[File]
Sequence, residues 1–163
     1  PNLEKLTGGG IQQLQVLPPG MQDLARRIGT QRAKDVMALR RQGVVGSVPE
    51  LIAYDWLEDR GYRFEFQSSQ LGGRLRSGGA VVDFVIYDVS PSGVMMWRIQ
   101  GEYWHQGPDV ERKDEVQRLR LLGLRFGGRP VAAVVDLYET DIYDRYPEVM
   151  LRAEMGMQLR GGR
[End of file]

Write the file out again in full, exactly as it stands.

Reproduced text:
Sequence, residues 1–163
     1  PNLEKLTGGG IQQLQVLPPG MQDLARRIGT QRAKDVMALR RQGVVGSVPE
    51  LIAYDWLEDR GYRFEFQSSQ LGGRLRSGGA VVDFVIYDVS PSGVMMWRIQ
   101  GEYWHQGPDV ERKDEVQRLR LLGLRFGGRP VAAVVDLYET DIYDRYPEVM
   151  LRAEMGMQLR GGR